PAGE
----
Just moments after authorities in Minneapolis announced the upgraded charges in the death of George Floyd, South Florida made their views known about the action through a virtual town hall hosted by Florida International University.
The second-degree murder charge and the charges filed against the three other officers are what Floyd’s family and protesters have been calling for since his tragic death. On Wednesday evening, FIU invited South Florida to make their voices heard about what has happened over the last week, what it means, and what needs to change going forward.
Former Minnesota police officer Derek Chauvin now faces a second-degree murder charge that could get him a 40-year prison sentence. The three other former officers at the scene were charged with aiding Chauvin and could also spend four decades behind bars.
Criminal justice experts reacted to the charges filed by the Minnesota attorney general.
“I am confident justice will be done. Today we saw the correct charges filed against officer Chauvin, the principal person responsible for the sadistic suffocation that murdered George Floyd,” said H.T. Smith, a law professor at FIU.
“I think it's hugely important,” said Delrish Moss, FIU Police Captain, who added that the Minnesota attorney general didn’t become overzealous. "One of the things you want to make sure that you do is not overcharge and not inappropriately charge, so that you don’t run the risk of losing the case that you are building."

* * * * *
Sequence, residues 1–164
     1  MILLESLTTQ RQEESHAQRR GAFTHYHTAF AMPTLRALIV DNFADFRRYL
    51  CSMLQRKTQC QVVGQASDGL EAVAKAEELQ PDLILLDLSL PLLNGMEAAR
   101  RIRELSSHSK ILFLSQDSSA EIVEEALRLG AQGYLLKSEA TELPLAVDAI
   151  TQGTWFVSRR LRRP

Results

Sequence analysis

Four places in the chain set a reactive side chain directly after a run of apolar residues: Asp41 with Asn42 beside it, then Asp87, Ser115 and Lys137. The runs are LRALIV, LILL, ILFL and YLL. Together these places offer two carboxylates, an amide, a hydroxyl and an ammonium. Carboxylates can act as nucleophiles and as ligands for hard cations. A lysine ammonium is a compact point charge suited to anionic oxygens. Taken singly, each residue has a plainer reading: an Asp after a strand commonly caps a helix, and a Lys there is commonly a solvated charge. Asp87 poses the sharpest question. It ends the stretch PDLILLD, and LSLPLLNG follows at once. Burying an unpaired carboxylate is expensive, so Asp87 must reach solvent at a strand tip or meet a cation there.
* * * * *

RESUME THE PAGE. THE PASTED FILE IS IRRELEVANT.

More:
Experts say what happened with Floyd is the worst example of police abuse caught on camera.
“The advent of the cellphone is really helping to see that this isn’t anything new ... this has been going on for a very long time this is our history," said professor Candice Ammons-Blanfort. “... We should be asking, how did we get here and that didn’t start with George Floyd.“
Students also weighed in over Zoom.
“We’re tired. I am only 20 years old," said Artrice Shepherd, the FIU Black Student Union president. The people I got to school with are my age, but we see our parents have to endure it — my grandparents even more.“
FIU president Mark Rosenberg gave a vision for what lies ahead.
“As a university, at FIU we embrace hope. We know, we know this is not a level playing field for all, but we are going to strive to make it a level playing field," he said.
FIU wants to keep this conversation going moving forward about how the university can use its resources to be a force in South Florida to bring change not just in the criminal justice system, but in all areas where there is unfairness and inequality.
The university is having another town hall with the university community on Friday at 3 p.m. with Rosenberg, and they are encouraging everyone associated with FIU to go to their social media platforms and be part of the discussion.